A woodpecker frequently visits our feeder, alighting on the wooden supporting post and hopping up the post to the suet. Its medium size and striking markings – black wings spotted with white, a large white patch on the back, and a red spot on the back of the head – identify the bird as a male hairy woodpecker. The female, which also comes to our feeder, lacks the red patch on the head.
The hairy woodpecker is easy to confuse with its almost identical cousin, the downy woodpecker, another of our feeder guests. However, the hairy is about one-third larger than the downy and has a longer, sturdier bill – about the same length as its head.
Named for the long, hair-like feathers on their backs, hairy woodpeckers are common and widespread across North America. They inhabit a variety of forests, both deciduous and coniferous, especially those with mature trees, as well as parks, cemeteries, and orchards. These birds are usually year-round residents, though in some areas they move to lower elevations or the coast before winter. In fall, hairies often excavate roosting cavities in trees where they will spend cold winter nights.
The hairy woodpecker that visits our feeder inserts his beak into the suet cage and gobbles a bit of fat. He also carries suet to a hole he’s excavated in the post and stores it there for later use. He’ll take sunflower seeds from the feeder and place them into a smaller hole in the post before pecking at them to open the seeds.
Beyond feeders, these woodpeckers forage for their insect prey on the trunks and main branches of both live and dead trees and on fallen logs. Skilled climbers, their strong claws enable them to hop around trunks and even cling to the underside of branches. Stiff tail feathers prop them up as they hammer at trees with their powerful beaks. At least 75 percent of their year-round diet is insects; the remaining portion is fruit and seeds.
Hairy woodpeckers are especially fond of the larvae of bark beetles and wood-boring beetles, moth pupae in cocoons, and ants. They use several foraging strategies: gleaning insects from the bark surface and crevices, pecking off bits of bark to reach prey, and tapping and listening for the sound produced above the tunnel of a wood-boring insect. After hearing that sound, they chip and chisel the wood away to reveal the tunnel and extract the insect. One hairy woodpecker was observed excavating for an hour to obtain one larva.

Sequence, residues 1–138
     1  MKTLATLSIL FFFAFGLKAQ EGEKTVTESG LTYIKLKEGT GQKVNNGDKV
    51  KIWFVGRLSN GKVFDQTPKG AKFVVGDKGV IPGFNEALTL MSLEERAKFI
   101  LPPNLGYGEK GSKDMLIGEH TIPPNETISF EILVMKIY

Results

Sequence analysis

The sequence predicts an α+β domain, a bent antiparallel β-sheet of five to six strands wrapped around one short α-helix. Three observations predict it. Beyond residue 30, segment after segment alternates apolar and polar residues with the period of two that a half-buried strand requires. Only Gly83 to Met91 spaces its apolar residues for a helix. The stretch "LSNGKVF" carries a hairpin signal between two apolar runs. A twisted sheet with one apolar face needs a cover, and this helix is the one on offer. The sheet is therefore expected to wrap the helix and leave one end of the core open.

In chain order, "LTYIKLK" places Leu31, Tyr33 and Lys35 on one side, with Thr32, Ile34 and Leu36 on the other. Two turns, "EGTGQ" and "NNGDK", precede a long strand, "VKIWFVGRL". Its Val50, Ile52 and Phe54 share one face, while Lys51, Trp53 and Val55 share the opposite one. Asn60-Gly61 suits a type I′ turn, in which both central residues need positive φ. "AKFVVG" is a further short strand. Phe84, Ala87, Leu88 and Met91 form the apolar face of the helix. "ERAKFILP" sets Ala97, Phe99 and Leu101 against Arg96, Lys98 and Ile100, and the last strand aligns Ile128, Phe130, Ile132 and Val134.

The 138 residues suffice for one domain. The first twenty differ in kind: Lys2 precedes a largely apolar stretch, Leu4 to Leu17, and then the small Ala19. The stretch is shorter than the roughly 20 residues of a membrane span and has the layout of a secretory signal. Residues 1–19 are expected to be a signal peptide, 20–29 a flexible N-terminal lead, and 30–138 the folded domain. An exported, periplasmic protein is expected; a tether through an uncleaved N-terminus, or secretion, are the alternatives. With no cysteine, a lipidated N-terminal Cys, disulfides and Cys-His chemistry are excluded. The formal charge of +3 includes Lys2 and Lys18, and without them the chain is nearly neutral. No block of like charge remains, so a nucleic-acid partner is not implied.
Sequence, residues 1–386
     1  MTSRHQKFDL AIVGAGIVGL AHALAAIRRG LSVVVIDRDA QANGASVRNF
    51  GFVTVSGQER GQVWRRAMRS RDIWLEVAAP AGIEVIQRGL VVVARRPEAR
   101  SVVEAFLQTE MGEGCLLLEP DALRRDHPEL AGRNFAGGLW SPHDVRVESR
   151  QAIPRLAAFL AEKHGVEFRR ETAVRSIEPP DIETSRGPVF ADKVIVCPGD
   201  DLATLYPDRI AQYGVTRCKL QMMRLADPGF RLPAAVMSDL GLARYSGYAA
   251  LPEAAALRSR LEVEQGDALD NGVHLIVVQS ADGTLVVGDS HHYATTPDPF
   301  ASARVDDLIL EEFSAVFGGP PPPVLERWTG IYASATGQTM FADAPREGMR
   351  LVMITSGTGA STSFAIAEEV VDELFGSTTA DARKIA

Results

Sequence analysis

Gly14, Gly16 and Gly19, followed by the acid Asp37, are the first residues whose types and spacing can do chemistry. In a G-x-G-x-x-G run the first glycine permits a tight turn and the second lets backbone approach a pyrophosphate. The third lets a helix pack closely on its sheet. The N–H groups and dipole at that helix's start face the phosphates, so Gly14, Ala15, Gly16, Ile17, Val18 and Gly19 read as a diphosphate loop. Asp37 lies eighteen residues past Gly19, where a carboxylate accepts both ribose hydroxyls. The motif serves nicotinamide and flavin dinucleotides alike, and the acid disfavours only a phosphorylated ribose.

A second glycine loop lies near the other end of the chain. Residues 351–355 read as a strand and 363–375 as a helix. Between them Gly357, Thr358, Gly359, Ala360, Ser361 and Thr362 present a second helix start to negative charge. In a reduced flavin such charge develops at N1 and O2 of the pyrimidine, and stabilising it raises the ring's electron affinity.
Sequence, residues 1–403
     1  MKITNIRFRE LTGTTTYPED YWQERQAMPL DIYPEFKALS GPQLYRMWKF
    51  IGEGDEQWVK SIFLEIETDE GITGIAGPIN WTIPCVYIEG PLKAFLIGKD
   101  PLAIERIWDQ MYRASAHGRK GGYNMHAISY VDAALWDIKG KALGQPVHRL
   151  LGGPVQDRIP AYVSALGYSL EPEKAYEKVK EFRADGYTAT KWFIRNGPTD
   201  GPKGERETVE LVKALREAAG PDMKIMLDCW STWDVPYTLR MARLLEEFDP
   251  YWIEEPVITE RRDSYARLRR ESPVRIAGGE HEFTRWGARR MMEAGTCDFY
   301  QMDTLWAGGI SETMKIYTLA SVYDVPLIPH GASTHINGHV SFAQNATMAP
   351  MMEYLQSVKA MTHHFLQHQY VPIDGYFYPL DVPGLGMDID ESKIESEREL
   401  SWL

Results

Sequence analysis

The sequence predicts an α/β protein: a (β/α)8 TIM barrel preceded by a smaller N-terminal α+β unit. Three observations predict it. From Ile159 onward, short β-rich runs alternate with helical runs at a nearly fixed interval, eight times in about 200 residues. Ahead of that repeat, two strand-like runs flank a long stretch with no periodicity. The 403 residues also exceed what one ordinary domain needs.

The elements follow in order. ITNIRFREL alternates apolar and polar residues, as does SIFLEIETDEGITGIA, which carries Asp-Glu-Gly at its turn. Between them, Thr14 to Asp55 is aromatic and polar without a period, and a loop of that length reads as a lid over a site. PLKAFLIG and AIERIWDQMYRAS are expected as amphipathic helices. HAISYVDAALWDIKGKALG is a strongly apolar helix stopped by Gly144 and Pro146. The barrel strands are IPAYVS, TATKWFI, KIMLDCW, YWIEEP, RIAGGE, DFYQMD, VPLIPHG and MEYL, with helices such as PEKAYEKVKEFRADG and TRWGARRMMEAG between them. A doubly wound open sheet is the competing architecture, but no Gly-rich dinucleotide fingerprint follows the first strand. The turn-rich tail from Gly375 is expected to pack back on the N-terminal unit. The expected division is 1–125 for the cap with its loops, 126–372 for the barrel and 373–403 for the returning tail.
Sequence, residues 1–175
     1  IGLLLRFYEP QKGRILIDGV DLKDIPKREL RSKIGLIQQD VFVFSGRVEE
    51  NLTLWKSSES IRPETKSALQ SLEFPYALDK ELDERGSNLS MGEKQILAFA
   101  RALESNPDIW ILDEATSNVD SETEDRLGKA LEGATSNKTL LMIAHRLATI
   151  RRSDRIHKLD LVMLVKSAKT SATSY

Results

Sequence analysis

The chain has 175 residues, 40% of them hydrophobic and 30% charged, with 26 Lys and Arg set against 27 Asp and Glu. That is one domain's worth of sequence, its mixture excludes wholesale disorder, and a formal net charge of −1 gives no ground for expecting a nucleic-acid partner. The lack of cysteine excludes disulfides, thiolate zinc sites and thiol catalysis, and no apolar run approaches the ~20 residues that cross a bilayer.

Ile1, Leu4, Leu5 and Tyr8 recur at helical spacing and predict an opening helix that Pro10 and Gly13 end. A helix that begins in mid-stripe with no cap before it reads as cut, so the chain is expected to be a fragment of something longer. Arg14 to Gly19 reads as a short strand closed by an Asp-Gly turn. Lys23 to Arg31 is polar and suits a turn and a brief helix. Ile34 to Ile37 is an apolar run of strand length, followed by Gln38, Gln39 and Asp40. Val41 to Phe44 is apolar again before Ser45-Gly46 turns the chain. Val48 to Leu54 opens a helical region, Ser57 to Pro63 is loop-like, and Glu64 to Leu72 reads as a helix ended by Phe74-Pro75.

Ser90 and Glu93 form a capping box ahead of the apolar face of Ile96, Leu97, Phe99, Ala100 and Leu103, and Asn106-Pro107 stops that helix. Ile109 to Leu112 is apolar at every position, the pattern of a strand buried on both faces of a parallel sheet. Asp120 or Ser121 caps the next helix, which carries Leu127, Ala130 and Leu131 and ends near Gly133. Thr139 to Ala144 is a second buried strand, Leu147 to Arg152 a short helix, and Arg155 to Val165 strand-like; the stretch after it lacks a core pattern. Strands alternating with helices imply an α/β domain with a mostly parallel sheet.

Large numbers of hairies will appear in forests infested with bark beetles, or in recently-burned forests with wood-boring beetles. These woodpeckers have also helped control outbreaks of codling moths in orchards. In his Life Histories of Familiar North American Birds, ornithologist Arthur Cleveland Bent tells the story of a hairy woodpecker that made repeated visits to a potato field infested with potato beetles, and then flew to a large pine snag. After six weeks, the farmer cut the snag open and found over two bushels of potato beetles, with their heads removed, stored inside.
The hairy woodpecker’s diet and habitat overlaps with that of the downy woodpecker. A study in Quebec forests by Henri Oullet found that these two species avoid competition by foraging on different tree species, different-sized trees, and different parts of a tree. Hairies were found more frequently on tree trunks and downies on branches. Downy woodpeckers also foraged more often on small trunks (less than 4 inches in diameter), while hairies preferred larger trunks (more than 8 inches).
Scientists have wondered why hairy and downy woodpeckers look so much alike, since they are not closely related. Their spotted plumage, similar to the dappled pattern of sunlight filtered through the tree canopy, likely helps camouflage both species. A 2018 study led by Gavin Leighton of the Cornell Lab of Ornithology points to another reason: feeder watch data showed that downies were very successful at dominating birds of similar or larger size, such as cardinals. The researchers believe downies use their hairy woodpecker-like appearance to pose as the bigger birds and scare off competitors at feeders.
Putting out suet in winter and leaving dead trees in your yard are good ways to attract hairy woodpeckers and observe their fascinating behavior.
Susan Shea is a naturalist, writer, and conservationist who lives in Brookfield, Vermont. Illustration by Adelaide Murphy Tyrol. The Outside Story is assigned and edited by Northern Woodlands magazine and sponsored by the Wellborn Ecology Fund of the New Hampshire Charitable Foundation.